The article which follows sets out to explain the different file types you will encounter in your photographic workflow. There are a great many different types of image file but this article deals with those filetypes you will most commonly encounter ie raw, jpg, psd, tif and png.

Rather conveniently, nearly all image filetypes are referred to by the names of their extensions eg jpg/jpeg, psd, tif, png. Raw files, however, are the exception. They will have different extensions according to the camera manufacturer. For example, Canon raw files have a .cr2 or .cr3 extension while Nikon have .nef. Other brands are available!

It seems sensible to set this article in the context of some commonly used approaches. Although it has been written with Adobe software and laptop and desktop PCs in mind, the process can be applied to other devices, software and platforms.

The diagram below gives an overview of the different stages of a typical workflow and the file types and software associated with each stage.

In Camera

Your camera will have options to set your file type to raw, jpg or both. There will also be options for file size/quality. With both raw and jpg, I would recommend that you select largest size / best quality.


When you capture an image, light and colour information is recorded on your camera’s sensor. With raw files, this data is saved directly to file without any alteration. The result will be a large file which is often described as a digital negative. This will need to be processed in a raw file editor such as Lightroom (LR) or Adobe Camera Raw (ACR) before you can use the file for any other purpose. A raw file set to best quality will deliver the best quality image your camera is capable of taking.

If you intend to process your images, this is without doubt the best option.


As with raw files, when you capture an image, light and colour information is recorded on your camera’s sensor. This information is then processed in a number of ways such as setting colour balance and adjusting brightness and contrast. When it is saved, it is compressed, resulting in a much smaller file, even though the pixel dimensions remain the same. Consequently, as the figures in the table opposite show, a jpg will contain considerably less information than a raw file. This makes jpgs much less suitable than raw files for post-processing. However, there are situations where you might choose to process jpgs:

  • when you are processing files that pre-date your use of raw files
  • when you wish to use an image immediately without any post-processing
  • when you are shooting in Continuous mode you will be able to capture many more shots before the camera’s buffer fills up.
  • file size is small so you can store many more jpgs than raw. It also means that processing will be quicker as less data is being manipulated.

Transfer to Computer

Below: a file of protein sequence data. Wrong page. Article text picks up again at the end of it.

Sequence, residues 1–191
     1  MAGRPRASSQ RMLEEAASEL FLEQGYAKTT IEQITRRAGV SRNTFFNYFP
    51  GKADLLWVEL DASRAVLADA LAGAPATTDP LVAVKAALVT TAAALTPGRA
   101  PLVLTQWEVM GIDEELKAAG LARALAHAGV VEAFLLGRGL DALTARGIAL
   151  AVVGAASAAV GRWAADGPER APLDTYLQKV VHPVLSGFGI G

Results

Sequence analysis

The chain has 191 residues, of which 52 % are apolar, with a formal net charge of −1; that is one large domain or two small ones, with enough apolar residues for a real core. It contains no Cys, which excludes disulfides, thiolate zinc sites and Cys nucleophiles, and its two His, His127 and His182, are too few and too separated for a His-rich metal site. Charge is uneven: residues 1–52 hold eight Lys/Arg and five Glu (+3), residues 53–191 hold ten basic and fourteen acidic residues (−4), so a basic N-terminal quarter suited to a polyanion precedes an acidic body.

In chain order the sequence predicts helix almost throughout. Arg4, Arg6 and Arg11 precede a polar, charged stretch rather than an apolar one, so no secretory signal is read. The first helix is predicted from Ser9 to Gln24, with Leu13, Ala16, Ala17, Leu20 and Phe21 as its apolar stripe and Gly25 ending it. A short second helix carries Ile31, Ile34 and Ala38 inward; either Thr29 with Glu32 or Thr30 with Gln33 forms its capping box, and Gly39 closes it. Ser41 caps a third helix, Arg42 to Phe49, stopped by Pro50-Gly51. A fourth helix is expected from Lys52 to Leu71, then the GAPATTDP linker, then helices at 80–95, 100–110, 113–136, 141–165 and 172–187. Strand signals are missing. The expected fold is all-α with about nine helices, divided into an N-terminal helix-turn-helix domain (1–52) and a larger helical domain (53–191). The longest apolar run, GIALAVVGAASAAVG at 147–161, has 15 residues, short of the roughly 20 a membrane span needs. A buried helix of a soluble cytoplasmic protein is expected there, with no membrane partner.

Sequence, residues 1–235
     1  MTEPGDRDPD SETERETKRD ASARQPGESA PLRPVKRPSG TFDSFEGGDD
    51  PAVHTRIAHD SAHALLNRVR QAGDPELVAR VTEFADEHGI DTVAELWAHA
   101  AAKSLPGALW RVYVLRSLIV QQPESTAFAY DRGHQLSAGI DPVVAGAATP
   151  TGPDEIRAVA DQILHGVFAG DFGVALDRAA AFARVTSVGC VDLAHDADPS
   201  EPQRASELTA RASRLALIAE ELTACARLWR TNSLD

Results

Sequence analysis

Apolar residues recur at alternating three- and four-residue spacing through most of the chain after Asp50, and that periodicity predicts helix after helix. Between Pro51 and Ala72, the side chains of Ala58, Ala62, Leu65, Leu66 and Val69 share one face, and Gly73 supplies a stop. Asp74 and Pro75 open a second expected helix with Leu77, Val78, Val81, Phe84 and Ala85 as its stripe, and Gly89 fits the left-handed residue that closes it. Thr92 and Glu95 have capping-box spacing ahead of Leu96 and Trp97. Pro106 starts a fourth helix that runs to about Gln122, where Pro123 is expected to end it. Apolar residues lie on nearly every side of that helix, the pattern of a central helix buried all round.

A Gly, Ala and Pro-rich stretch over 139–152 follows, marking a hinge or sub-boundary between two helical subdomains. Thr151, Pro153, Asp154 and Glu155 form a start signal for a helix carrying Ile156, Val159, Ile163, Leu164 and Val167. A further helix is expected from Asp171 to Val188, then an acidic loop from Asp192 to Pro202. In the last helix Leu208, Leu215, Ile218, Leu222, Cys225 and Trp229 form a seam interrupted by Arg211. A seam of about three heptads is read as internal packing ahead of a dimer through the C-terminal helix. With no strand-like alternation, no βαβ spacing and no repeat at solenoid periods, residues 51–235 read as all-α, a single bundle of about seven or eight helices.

Before transferring image files, it’s worth considering where you’re going to put them and how you’re going to keep them safe

Camera Settings (Canon)
Raw / jpg comparison
jpgMaximum 1219.7851%
jpgHigh 83.69%
jpgMedium 52.065%
jpgLow 11.243%

The figures were gathered by exporting 4 jpg files from the same unedited raw file. When a jpg is exported or saved, a dialogue will ask you to enter a value for Quality. This will determine the amount of compression which is applied to your file. The higher the quality, the less the compression. Different qualities were used with each export.

As you can see, even the highest quality resulted in a jpg where almost half of the information had been lost. As the quality decreases the amount of lost information increases significantly. Although your image may appear little different, even at lower levels of quality, the underlying information is missing which has an impact on your ability to recover detail in shadow/highlight areas for example. In addition, you may find that ‘artefacts’ (small distorted areas) begin to appear in your image.

This is why shooting in raw is recommended.

File Management

Think hierarchies! Whatever system you choose, there will need to be some level of organisation otherwise chaos will reign. Some prefer a subject-based hierarchy, while others opt for a date-based hierarchy. There’s no right answer; whatever fits your brain best! I use a subject-based hierarchy.

All of my image files live on an external SSD which is dedicated to image files. All files are within a structure which has a single root folder; ‘Photography‘ (see diagram on the right). The second level of the hierarchy has only 5 folders. Whenever I transfer files from my camera, they go in the ‘New‘ folder for editing. Once processed, they are moved to the appropriate subject folder(s) in the hierarchy. The other folders are:

  • Miscellany: this includes anything which doesn’t fit in the other 3 main categories eg Abstract, Fireworks, Food, Textures etc.
  • Natural World: this is broken into 3 main categories – Fauna, Flora and Dead Stuff! (Sky, Rocks, Water etc)